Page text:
Now extend this to more complex concepts and we can readily see how in some languages, we simply have to just write stuff we don't understand for a while, until we are proficient enough to make sense of these things. For a beginner, this is very off-putting and makes coding hard to learn. This is even more relevant since in addition to these commands, there are more abstract concepts that we need to learn.

Python allows a beginner to focus on these higher coding concepts without having to battle with the syntax of the language. It's not just about making the language easier, it's about allowing a student to focus on what really matters when learning programming.

So is Python a dumbed-down language?

Short, easy answer: No.

Python is one of the most popular languages in the world today because it is both relatively easy to learn and code in but also because it is a very broad and powerful language that can be used for many diverse purposes, from scientific research and financial applications to developing back-ends for websites, and lots in between.

Is Python the right language for every purpose? No. The reason there are many languages is because they all have things they are good at. A program that needs to run very efficiently in real time would not be written in Python. If you want to write an app for an iPhone, you cannot use Python. But Python is still one of the languages with the broadest reach.

And once you've learnt the fundamentals of coding in Python, and learnt them well, then you can relatively easily learn other languages, including harder ones.

The Zen of Python?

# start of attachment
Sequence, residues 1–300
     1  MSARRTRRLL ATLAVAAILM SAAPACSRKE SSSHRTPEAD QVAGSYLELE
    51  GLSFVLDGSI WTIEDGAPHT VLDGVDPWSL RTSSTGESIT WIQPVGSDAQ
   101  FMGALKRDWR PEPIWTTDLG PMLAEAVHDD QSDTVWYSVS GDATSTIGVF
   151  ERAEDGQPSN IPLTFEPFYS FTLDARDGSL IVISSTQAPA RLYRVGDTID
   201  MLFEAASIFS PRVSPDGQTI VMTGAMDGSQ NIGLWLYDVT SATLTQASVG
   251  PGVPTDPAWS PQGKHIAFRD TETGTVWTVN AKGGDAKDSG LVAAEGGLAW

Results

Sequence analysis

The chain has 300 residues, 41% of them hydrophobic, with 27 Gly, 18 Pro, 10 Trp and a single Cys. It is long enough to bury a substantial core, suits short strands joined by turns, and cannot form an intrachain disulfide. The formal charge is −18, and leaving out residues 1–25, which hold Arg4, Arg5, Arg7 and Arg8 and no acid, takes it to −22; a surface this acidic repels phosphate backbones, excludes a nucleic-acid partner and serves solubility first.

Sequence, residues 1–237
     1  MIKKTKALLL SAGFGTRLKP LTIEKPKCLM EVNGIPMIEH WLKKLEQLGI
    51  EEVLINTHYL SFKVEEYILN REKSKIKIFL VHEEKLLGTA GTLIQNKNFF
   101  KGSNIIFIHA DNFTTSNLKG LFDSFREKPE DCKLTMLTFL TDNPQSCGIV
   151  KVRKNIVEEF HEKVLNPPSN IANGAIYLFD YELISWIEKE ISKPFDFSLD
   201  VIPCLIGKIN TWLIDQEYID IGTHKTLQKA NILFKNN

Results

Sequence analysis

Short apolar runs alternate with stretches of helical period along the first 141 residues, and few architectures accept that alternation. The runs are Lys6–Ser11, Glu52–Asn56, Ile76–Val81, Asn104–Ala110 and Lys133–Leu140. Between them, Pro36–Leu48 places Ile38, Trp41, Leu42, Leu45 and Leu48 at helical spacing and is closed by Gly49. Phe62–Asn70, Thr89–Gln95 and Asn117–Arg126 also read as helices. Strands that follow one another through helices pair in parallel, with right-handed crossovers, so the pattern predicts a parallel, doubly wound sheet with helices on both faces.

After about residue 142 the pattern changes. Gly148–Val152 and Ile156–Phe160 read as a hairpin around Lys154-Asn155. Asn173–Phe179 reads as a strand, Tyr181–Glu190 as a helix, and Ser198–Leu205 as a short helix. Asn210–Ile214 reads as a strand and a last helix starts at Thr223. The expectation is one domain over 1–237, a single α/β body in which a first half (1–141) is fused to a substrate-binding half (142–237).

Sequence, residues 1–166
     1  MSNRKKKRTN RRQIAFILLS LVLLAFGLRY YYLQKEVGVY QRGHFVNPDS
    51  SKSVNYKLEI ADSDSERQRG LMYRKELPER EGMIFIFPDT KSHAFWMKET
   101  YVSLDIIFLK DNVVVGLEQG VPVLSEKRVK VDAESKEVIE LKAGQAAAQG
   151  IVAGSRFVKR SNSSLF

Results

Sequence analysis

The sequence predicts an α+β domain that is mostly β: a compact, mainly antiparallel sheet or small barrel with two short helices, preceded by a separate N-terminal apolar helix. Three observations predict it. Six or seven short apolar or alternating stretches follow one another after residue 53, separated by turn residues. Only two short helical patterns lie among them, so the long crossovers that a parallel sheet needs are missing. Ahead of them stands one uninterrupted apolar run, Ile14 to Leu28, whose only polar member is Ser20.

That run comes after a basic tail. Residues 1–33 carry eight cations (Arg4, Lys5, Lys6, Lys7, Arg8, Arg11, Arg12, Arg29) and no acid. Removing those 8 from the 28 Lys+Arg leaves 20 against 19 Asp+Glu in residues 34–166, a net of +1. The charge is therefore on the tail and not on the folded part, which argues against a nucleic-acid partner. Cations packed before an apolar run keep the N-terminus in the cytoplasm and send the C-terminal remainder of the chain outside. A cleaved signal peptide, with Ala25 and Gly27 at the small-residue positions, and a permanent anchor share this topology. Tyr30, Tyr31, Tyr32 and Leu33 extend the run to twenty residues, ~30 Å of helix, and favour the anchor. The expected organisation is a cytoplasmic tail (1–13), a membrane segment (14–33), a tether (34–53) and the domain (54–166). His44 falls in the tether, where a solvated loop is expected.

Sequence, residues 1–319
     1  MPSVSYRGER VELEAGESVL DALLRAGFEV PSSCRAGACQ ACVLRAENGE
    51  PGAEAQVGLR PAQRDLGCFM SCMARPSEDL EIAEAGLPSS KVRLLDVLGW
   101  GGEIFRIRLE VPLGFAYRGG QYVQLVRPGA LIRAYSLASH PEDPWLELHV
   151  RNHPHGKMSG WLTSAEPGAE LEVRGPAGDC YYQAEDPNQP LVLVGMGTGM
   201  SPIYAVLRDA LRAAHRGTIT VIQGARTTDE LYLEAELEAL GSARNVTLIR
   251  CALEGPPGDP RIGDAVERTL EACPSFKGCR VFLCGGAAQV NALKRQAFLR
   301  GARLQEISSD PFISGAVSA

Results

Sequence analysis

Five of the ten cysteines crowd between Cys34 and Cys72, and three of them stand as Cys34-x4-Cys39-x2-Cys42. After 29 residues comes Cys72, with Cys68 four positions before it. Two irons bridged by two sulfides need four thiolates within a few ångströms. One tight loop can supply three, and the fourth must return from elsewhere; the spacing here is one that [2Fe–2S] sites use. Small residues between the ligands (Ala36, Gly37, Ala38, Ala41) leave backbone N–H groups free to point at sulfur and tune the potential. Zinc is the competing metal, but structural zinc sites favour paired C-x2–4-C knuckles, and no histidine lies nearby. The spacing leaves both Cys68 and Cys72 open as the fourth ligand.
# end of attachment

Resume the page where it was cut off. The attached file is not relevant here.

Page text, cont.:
Python is one of the most readable languages not by accident but by design. The language was designed with beauty and simplicity in mind.

In fact Python has an ethos called The Zen of Python and I'll quote a few lines from it:

Beautiful is better than ugly.
Simple is better than complex.
Readability counts.
In the face of ambiguity, refuse the temptation to guess.
If the implementation is hard to explain, it's a bad idea.
If the implementation is easy to explain, it may be a good idea.

If you want to read the full Zen of Python, go to this Python editor, type in:

import this

and press the play button.

Ready to start learning Python?

Come and learn Python, or rather coding in Python, with us. We teach both children and adults because we believe that introducing a subject such as programming using clarity and engaging projects is important at any age.

Our Summer coding courses for kids and teenagers start on the 14 July and we have courses throughout the Summer months.



Python Coding for Young People


Codetoday Unlimited is for the curious teenager or preteen keen to learn proper Python coding. Stephen's courses start from the basics and carry on to intermediate and advanced levels.

Python Coding for Adults

The Python Coding Place is Stephen's platform full of courses and other resources for beginners and intermediate learners. The focus is on clarity and Stephen's unique communication style.